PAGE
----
Copy the src for the image, and paste it into the address bar, after the domain part. The full URL is http://natas2.natas.labs.overthewire.org/files/pixel.png.

The image itself is nothing helpful, but sometimes server misconfiguration can leak information about other files on the server. If you remove the pixel.png part, you'll see a directory listing. You can see there's a file containing the password. Open that, and use it to access the next level.

Lessons Learned

Misconfigured servers can be a problematic source of data leaks. Make sure you understand how the server you use can be configured to allow or deny access to sensitive files, or directory listings.

Server-side security war games: Part 1

Use the username "natas1" and the password you uncovered at level 0 to get in.

Let's try the same trick as before -- only now you can't right-click. Instead, use CTRL-U to view source,
and get the password for the next level.

Lessons learned

Again, this level was easy, but it's important to understand that people aren't required to behave the way you want when using your website. Doing validation in client-side javascript, or disabling right-click isn't going to be effective, so don't use it for anything security-sensitive.

See you at level 2 shortly.

Server-side security war games: Part 0

overthewire.org has a series of "war games" -- challenges that help you learn by doing. Natas is the webserver security series. Although there are walkthroughs already available, I am going to do my own series of posts. Some of the existing walkthroughs are overly complex, and none actually finished all the levels. The war games unfortunately don't have anything explaining why the example vulnerabilities can be important in real-world scenarios. I'll try to fill that void.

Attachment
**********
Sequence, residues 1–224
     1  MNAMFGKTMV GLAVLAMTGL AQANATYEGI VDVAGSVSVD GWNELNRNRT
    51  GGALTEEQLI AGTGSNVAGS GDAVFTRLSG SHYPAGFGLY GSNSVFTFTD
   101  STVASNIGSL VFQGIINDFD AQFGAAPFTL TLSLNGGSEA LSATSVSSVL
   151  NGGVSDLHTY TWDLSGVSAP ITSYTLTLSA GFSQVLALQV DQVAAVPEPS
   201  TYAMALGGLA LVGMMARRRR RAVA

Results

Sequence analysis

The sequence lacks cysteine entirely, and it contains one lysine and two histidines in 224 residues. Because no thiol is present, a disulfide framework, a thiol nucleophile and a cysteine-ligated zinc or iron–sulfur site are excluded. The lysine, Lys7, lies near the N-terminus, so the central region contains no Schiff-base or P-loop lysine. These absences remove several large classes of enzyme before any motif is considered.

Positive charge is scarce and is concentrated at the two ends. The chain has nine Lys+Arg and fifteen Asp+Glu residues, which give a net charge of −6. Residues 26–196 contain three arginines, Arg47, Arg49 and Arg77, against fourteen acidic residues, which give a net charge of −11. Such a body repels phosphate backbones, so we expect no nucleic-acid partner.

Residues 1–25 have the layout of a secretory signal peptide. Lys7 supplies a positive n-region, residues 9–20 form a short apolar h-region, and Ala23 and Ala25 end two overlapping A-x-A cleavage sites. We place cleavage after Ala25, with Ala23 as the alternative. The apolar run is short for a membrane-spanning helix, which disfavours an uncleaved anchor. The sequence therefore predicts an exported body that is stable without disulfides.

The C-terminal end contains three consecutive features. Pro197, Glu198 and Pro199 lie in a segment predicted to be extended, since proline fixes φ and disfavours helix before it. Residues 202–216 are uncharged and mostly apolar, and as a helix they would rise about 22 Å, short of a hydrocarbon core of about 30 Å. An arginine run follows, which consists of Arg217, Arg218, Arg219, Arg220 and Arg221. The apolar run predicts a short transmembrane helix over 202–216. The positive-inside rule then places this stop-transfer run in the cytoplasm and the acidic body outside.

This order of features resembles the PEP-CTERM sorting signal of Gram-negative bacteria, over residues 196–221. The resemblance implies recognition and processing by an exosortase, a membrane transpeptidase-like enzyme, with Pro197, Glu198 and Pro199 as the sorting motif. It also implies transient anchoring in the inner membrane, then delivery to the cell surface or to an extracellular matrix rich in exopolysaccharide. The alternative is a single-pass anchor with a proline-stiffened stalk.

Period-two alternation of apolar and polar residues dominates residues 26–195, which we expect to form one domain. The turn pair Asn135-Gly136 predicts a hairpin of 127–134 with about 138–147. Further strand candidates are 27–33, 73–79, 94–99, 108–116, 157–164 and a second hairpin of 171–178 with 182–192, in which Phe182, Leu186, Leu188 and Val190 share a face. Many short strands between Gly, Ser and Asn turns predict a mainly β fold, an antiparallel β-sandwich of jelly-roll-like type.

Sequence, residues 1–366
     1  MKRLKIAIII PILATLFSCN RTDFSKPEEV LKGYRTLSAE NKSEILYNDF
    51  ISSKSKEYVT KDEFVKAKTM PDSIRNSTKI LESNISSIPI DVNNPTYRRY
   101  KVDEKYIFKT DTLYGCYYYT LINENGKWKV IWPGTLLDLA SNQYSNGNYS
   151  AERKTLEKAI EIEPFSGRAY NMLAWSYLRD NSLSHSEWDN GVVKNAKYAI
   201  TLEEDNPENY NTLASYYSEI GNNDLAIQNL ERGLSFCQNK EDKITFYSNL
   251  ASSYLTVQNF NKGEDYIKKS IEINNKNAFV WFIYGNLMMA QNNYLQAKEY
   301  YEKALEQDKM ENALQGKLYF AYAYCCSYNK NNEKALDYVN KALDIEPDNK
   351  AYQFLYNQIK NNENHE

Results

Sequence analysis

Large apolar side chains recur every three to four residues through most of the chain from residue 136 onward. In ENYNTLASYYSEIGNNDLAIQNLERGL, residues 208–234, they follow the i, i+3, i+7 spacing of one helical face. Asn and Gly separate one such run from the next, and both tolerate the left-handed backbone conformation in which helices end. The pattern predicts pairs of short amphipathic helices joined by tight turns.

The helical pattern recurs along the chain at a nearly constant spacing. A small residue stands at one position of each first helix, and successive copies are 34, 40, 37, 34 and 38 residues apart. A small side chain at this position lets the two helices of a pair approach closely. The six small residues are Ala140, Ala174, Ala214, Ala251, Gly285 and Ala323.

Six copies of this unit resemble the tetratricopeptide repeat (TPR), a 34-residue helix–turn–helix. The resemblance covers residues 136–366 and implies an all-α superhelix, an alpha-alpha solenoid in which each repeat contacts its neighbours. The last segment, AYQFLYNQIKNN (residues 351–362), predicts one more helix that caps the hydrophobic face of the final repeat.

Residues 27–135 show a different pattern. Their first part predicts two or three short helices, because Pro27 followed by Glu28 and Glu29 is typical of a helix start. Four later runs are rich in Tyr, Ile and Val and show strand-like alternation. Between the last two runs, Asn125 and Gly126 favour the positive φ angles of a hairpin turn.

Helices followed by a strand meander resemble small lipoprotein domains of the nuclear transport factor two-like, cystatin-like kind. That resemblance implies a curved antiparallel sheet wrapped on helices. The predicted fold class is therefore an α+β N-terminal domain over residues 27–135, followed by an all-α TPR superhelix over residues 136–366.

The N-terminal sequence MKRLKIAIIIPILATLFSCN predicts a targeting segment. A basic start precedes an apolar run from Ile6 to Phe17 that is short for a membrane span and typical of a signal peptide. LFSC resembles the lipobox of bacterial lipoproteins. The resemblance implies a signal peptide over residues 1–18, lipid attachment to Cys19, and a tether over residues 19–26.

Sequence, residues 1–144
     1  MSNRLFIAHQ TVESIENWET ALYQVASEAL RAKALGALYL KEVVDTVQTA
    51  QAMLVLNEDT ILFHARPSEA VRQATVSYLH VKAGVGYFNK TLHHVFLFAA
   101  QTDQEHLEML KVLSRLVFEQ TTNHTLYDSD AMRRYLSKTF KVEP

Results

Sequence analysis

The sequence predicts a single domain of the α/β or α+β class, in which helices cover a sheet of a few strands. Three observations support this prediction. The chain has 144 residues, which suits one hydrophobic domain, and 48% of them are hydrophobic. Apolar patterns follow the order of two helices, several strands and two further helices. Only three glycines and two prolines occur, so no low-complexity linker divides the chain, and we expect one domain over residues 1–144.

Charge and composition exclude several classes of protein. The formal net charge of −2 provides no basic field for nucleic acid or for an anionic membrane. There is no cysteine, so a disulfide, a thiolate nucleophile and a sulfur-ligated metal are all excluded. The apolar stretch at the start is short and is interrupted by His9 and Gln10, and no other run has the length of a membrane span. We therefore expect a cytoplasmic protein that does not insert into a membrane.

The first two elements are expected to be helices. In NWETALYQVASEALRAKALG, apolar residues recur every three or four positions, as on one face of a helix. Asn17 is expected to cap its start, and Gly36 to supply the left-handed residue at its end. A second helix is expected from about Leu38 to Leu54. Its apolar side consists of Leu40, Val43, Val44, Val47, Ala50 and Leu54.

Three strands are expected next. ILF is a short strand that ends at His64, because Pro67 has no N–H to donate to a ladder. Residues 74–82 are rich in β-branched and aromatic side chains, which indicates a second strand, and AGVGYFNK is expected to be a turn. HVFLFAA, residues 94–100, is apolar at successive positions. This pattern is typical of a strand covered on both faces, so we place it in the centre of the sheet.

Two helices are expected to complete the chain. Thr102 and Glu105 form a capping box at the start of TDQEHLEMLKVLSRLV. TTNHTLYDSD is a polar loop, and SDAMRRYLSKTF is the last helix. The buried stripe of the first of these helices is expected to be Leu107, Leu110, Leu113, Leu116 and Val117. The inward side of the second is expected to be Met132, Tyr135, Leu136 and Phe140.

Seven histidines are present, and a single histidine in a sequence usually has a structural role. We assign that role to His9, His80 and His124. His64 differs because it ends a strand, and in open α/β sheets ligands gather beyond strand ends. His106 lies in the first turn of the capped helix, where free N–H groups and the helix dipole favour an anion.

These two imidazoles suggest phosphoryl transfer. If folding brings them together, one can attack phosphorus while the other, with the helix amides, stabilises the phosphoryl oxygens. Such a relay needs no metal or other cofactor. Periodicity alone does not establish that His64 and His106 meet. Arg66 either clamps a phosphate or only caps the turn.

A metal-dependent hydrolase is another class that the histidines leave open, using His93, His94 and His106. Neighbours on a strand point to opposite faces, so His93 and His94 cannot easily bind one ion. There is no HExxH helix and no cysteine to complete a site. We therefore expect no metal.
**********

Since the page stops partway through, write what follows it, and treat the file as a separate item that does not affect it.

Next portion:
I'm going to post one every few days, beginning with levels zero and one today.
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Adding LUKS hard disk encryption on LVM after the fact

I have an external hard disk enclosure with two disks. I used Logical Volume Manager to create a single logical volume that spanned them, and slowly filled it to about 60% capacity. Lately, I've been trying to be more conscious of using encryption, and this was one area where I hadn't done so. At the time I felt like learning how to do LVM was enough, and LUKS could wait until later. Well, it's later. Here's how I added encryption after the fact (without a spare hard disk).

The warning